Third, and most significantly, both the Bar Cochba and ISIS rebellions are distinct from their predecessors in building a quasi-state (evidenced by minted coinage in each case) that was led by a central divinely-chosen figure: Simeon Bar Cosiba as messiah, Abu Bakr al-Baghdadi as caliph. Whilst messiahs and caliphs arise from different faiths, the wide-ranging traditions associated with each title mean that the kind of messiah that Bar Cochba was can, quite reasonably, be approximated to the kind of caliph that Baghdadi has declared himself to be. Each are leaders of a project fusing spirituality and territory in the creation of a divinely-guided political society.
Of course, with the aid of history we know what happened to Simeon Bar Cosiba and his movement, whereas the ISIS rebellion is still underway. Can we look to the past in this instance as a way of thinking about the future? In a limited way, we can. That Bar Cochba (“son of the star”) became Bar Coziba (“son of lies”) is telling because it serves as a theological judgment against those who might entertain notions of militant political messianism in the future. Indeed, such was the power of this religious condemnation, combined with the failure and destruction of the Jewish uprisings against Rome between 66-135CE, Jewish piety became revolutionised toward individual and community devotion to the Law and away from visions of political state-building (until the founding of modern Israel in 1948).
What will the legacy of Abu Bakr al-Baghdadi and his Islamic State be? Such a question may take decades to answer, but it is also one worth considering now, for several reasons. Firstly, the territorial project of ISIS – its brand distinctive against al-Qaeda and other Islamist insurgencies – is failing. The city of Fallujah has practically fallen and once Mosul and Raqqa follow, in what forebodes as a protracted humanitarian catastrophe, the centralised base of the caliph will no longer exist. (Escape, or succession will become unsustainable as the borders of ISIS territory are broken.)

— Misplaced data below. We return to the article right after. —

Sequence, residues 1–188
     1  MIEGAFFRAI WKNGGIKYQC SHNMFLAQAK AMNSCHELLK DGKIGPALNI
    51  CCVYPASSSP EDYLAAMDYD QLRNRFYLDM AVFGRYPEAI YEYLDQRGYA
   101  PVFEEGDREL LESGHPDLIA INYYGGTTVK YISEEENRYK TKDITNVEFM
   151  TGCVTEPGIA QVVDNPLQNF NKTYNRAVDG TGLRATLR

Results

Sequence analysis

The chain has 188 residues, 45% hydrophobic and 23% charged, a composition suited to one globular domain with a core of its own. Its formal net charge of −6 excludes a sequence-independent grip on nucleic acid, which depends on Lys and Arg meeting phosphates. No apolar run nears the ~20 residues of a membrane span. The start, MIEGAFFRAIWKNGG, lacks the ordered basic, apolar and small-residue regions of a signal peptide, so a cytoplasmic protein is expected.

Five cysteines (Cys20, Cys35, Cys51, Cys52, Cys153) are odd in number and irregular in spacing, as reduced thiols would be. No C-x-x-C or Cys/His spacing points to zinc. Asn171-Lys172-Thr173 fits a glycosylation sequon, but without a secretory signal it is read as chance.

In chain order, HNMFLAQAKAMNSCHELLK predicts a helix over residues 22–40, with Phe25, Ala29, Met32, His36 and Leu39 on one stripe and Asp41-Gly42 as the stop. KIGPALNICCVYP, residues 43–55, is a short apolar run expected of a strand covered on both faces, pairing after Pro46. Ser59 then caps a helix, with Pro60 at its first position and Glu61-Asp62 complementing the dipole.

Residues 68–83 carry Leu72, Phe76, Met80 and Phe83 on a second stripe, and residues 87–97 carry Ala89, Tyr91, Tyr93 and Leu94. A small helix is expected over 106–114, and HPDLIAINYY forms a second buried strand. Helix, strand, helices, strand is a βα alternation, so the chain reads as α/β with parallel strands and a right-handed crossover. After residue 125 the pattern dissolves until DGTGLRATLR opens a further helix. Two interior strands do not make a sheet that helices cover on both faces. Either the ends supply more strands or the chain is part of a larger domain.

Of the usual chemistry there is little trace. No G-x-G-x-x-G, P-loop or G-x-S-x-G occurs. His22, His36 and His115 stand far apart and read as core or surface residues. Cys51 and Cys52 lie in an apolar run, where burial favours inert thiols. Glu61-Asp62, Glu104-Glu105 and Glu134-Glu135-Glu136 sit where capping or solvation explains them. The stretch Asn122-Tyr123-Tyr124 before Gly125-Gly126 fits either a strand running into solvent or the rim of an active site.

Second, the collapse of the territorial project will likely provoke a theological crisis for ISIS followers and sympathisers. Though ISIS has an apocalyptic insurance policy that promises divine vindication in the face of defeat, the tangibility of the caliphate will be lost. Noted scholar Vali Nasr has written that “Sunni theologians and political theorists have always measured the worth of authority in terms of power” (2006). Applying this logic to ISIS as a Sunni extremist movement, the loss of central command may lead to a reconsideration of Baghdadi’s fundamental claim to rule. When such a reconsideration occurs, the legacy of ISIS may be theologically recast among followers and sympathisers. To this end, Bin Laden’s legacy (and an al-Qaeda style network) may prove more durable among global jihadists than the ISIS caliph.
Whilst the ISIS effect will not disappear overnight, the power to doubt the divine sanction of a failing movement is significant, not only for present adherents but also as a battlefront in countering recruitment strategies. As with the changing legacy of Simeon Bar Cosiba two millennia ago, the line between ultimate inspiration and ultimate deception may be a very fine one for the legacy of Abu Bakr al-Baghdadi. In the words of an anti-ISIS statement issued by Saudi Arabia’s most senior cleric: “Those sinners attribute their inhuman actions to Islam when they claimed an Islamic State, and Allah knows that the hypocrites are liars”.